Legal subjects concerning rent, tenancy and leasehold or lease of real estate in Thailand (land, land and house, condo apartment). The legal rights of foreigners under the Civil and Commercial Code contracts rent of property, possession of a real estate property under a lease or rental agreement under Thai law.
The legal agreement whereby rent is paid in order to use another man's real estate property (residential or commercial property) in Thailand is governed by the lease agreement between the parties and the Civil and Commercial Code. The laws governing hire of property in Thailand is applied in the same manner if the hirer is a Thai or foreign national. The primary source of laws governing hire of property is the Civil and Commercial Code. The general principles of lease (as a contract) is governed by Title VI Juristic Acts and Book II Obligations and more specifically the Chapter Hire of Property, but the Supreme Court of Thailand gives rules for the exact interpretation of words and sections of the Civil and Commercial Code and therefore lease in Thailand cannot be fully understood without also taking into account specific Supreme Court judgement. You can read the Civil Code but won't be able to fully understand it.
The term of a real estate lease in Thailand may be fixed or periodic. The maximum lease term in Thailand is 30 years (section 540Translation Civil and Commercial Code section 540: 'The duration of a hire of immovable property cannot exceed thirty years. If it is made for a longer period, such period shall be reduced to thirty years. The aforesaid period may be renewed, but it must not exceed thirty years from the time of renewal'.). Any lease of immovable property for a longer period than 30 years in Thailand may only be made by renewal of the lease contract upon its expiration. Based on supreme court judgments it is possible to say that a valid and enforceable renewal can only be made within a period of 3 years prior to the expiration of the first lease term (not 30 years prior to expiration). If for example the lessor and lessee have executed 2 or more consecutive 30-year lease agreements it shall by law be deemed as 1 lease and reduced to 30 years.
The content of a registered lease agreement in Thailand can be divided into rights given under hire of property laws and rights based on general contract law and the freedom of contract between the parties. The practical importance of the two relates to the future enforceability of contract promises and obligations in a contract, especially in case ownership of the property is transferred during the term of the lease. Elements in the lease agreement that are under the Civil and Commercial Code considered 'real lease rights' are enforceable against third parties and remain valid, also when the property woud be transferred. A promise based on general contact laws, say to do something in future (e.g. to renew a lease in 30 years time), may turn out unenforceable under Thai contract law.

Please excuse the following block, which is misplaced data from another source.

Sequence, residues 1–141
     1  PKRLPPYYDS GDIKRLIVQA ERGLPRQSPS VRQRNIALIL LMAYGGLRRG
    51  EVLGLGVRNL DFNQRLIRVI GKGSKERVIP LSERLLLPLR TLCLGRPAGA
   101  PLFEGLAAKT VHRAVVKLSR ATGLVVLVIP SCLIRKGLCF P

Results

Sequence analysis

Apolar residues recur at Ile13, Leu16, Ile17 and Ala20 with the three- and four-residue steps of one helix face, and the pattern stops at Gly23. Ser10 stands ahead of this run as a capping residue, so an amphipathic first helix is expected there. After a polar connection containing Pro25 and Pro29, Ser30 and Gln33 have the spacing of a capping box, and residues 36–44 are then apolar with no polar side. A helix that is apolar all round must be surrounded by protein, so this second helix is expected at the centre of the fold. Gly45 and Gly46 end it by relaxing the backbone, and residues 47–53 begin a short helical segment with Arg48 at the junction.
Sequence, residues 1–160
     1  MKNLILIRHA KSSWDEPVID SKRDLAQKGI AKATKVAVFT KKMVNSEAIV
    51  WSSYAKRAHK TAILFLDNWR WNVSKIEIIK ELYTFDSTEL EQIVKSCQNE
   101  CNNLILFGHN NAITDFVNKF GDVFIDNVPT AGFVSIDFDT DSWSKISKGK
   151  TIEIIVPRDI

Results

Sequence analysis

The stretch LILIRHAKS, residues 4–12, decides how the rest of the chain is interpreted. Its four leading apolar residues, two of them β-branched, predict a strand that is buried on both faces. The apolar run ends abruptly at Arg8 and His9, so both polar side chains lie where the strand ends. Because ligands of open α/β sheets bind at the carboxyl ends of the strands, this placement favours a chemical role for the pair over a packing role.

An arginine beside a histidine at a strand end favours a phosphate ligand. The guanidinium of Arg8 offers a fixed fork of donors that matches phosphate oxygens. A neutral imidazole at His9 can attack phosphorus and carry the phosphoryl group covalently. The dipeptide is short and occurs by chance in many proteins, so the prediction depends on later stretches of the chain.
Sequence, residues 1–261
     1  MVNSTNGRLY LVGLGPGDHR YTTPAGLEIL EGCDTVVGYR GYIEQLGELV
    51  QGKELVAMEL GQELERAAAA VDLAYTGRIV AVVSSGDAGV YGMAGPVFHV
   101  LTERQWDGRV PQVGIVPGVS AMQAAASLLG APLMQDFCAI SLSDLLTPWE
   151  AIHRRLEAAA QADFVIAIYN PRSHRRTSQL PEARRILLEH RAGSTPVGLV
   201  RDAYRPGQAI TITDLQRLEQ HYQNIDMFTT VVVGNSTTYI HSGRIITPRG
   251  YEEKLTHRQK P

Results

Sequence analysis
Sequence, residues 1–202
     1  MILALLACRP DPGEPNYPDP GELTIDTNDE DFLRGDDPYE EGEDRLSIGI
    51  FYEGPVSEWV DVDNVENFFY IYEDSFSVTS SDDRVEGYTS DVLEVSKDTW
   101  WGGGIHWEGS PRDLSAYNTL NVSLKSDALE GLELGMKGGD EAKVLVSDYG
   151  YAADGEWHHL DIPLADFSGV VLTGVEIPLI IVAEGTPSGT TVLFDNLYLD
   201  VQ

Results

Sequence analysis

A lease agreement in Thailand can contain clauses based on general freedom of contract between the parties and clauses based on specific hire of property laws. The importance of the distinction between the two lies in the future enforceability of contract obligations and true hire of property right (real lease rights). Real lease options and obligations are enforceable against all other persons and by law binding upon successors of the leased property (real lease rights follow the property along with the ownership), and once given the owner (lessor) can't take the option in the lease back and he cannot change his mind, in contrast to contract promises in the lease agreement and possible difficulties in future enforceability. Under Thai law and Supreme Court rulings the agreed term in the lease is considered a real right of the lessee, but an option to renew the lease is considered a contract option or contract obligation (not a real lease right) that needs to be enforced in the future.
THAI PROPERTY LAWS DO NOT GIVE THE HEIRS OF THE LESSEE THE AUTOMATIC RIGHT TO TAKEOVER A LEASE BY SUCCESSION
A lease agreement (hire, rental) is under Thai law as a hire of property a personal right of the lessee. In the event of death of the lessee during the lease term the lease contract is terminated according to Thai contract laws and Supreme Court judgments. As opposed to for example a right of superficies (the right to use the land owned by another for the purpose of owning buildings and plantations), 'lease' in Thailand is actually a contract right and not a fixed asset or by law inheritable right. The right of possession of the property will not automatically transfer to the heirs of the lessee upon his death.
LAWS THAT DEAL WITH RENTAL OF RESIDENTIAL AND COMMERCIAL PROPERTIES IN THAILAND
Commercial rentals and residential rentals are governed by the Chapter Hire of Property in the Thailand Civil and Commercial Code. Rental of commercial properties exceeding 3 years must be registered with the Land Department and cannot exceed a period of 30 years. Only in specific commercial leases (for commerce and industry by foreigners) the Thai government issued a specific act for foreigners, but apply only if the foreigner meets the requirements (substantial investments) and complies with the restrictions (land size and location).